The vision is appealing, but in the short run it looks challenging. Tesla may have surprised investors by turning a narrow — and rare — profit in the third quarter, but the vast bulk of its current $28 billion market capitalization is predicated on Mr. Musk’s turning the company from a niche supplier into a truly mass manufacturer of electric vehicles. Tesla’s shares have fallen about 16 percent since the company unveiled its SolarCity bid in June, reducing the value of the all-stock deal to around $2 billion.
Hitting a self-imposed target of cranking out 500,000 cars per year by 2018, from a current run rate of around 100,000, already looked daunting. Tesla, after all, has a history of missing production and sales targets; its Model X S.U.V., for example, was delayed by problems with its falcon-wing doors.
Now Mr. Musk and his team also have a major acquisition to worry about. Throw in his continued role as chief executive of the rocket venture SpaceX, and he has a lot up in the air. Moreover, to deliver on its promises, Tesla will probably need to ask investors for fresh capital at some point next year.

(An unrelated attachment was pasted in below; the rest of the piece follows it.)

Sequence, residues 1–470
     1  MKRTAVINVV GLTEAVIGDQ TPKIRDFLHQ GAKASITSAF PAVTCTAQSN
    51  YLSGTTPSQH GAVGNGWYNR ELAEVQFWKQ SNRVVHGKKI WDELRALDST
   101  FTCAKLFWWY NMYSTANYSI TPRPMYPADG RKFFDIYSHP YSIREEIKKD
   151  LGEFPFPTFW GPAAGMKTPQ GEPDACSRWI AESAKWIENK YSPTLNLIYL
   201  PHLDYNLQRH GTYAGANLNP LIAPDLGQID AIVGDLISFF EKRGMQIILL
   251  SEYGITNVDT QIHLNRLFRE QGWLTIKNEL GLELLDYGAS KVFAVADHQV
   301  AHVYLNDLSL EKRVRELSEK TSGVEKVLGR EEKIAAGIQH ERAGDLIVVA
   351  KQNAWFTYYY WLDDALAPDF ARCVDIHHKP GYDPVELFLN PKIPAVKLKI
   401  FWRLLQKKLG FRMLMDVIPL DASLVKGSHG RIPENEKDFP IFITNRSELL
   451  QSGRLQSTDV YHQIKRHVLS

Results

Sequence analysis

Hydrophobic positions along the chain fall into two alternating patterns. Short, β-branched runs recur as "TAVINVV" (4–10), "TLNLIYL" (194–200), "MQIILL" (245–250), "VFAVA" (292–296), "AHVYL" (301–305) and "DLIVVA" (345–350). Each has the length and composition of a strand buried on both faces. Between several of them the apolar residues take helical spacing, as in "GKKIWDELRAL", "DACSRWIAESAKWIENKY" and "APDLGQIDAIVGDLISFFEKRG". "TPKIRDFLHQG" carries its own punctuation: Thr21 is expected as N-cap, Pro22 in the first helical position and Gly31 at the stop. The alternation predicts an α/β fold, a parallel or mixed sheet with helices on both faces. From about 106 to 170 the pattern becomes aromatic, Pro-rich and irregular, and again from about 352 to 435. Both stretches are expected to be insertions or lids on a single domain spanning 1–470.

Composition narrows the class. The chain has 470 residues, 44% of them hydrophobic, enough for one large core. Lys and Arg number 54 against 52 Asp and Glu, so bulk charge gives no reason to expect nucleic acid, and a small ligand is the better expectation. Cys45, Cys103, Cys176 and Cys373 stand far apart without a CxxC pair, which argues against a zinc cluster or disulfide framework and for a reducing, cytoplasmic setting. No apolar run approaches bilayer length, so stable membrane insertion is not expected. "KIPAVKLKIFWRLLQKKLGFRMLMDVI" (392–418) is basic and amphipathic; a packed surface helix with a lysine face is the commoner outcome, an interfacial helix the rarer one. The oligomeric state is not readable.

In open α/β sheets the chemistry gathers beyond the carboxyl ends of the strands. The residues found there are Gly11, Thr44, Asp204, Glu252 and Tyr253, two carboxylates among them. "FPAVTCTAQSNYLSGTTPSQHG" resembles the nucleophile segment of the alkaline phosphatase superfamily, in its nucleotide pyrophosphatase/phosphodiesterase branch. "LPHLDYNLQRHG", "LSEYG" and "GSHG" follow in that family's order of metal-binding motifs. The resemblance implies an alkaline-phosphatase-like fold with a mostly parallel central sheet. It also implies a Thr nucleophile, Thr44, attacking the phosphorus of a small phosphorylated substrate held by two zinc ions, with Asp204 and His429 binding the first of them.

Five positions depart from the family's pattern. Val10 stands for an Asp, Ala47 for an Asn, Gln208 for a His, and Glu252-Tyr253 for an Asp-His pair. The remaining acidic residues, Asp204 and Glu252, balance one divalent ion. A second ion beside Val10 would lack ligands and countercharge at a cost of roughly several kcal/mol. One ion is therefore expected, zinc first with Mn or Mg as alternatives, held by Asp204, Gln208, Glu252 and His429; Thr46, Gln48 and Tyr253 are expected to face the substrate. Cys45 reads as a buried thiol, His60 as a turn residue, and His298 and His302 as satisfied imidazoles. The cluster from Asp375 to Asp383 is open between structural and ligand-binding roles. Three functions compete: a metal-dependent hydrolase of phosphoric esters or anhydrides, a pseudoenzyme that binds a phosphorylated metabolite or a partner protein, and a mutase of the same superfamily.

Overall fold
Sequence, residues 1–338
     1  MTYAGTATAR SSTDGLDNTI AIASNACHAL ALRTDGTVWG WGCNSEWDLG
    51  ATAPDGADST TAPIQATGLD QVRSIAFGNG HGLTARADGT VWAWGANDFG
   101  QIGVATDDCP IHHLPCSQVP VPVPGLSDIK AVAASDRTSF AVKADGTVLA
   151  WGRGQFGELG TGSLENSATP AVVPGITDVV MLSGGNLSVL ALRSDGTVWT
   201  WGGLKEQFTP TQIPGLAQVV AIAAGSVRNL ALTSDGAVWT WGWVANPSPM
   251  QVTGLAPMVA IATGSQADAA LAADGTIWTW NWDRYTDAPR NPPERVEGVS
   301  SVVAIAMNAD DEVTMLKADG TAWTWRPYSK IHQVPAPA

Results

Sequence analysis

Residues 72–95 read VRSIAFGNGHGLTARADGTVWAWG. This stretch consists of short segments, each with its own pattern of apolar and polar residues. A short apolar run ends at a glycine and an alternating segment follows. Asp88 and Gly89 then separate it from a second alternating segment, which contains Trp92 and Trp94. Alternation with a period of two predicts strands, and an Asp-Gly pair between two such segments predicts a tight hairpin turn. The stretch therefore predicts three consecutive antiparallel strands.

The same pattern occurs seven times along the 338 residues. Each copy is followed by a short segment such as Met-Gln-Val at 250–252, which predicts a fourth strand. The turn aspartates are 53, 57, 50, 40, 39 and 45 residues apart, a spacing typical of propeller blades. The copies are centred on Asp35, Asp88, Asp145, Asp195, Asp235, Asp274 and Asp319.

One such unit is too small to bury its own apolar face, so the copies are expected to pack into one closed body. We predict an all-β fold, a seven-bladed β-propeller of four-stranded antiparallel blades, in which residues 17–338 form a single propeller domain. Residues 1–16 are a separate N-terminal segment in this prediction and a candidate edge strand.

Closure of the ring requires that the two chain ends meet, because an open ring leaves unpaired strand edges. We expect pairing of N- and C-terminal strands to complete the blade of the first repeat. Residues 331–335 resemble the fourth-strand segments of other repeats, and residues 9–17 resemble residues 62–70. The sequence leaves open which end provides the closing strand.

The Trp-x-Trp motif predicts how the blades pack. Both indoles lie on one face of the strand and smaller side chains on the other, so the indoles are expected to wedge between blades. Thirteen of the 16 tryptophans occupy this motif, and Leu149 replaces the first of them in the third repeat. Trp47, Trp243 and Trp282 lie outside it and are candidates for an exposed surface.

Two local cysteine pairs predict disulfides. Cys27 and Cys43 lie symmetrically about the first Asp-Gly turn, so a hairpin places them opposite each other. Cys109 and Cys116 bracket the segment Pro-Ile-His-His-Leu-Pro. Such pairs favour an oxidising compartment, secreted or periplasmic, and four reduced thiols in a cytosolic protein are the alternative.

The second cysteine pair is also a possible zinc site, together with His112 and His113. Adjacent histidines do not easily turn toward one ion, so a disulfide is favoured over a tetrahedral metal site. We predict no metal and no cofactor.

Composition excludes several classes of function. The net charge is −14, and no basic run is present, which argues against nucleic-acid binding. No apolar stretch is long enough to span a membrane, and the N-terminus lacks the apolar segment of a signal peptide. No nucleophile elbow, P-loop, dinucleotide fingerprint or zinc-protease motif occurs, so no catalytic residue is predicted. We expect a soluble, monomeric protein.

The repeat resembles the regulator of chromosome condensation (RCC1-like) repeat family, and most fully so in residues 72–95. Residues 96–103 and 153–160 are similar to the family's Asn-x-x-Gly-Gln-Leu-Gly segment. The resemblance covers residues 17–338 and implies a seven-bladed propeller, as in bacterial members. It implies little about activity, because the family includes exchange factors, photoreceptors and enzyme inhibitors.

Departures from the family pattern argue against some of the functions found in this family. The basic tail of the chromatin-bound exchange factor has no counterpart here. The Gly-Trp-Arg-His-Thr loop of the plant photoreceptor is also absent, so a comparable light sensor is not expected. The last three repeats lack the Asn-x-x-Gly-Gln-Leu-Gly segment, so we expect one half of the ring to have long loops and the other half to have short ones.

For most chief executives, all this would make 2017 a make-or-break year. But Tesla investors’ overwhelming support of the SolarCity deal suggests that Mr. Musk is in a different category. Even if the wheels start to come off, he will probably be able to persuade the faithful to keep him in place and to hand over more cash. That may make Mr. Musk’s all-electric vision a self-fulfilling prophecy, no matter the cost.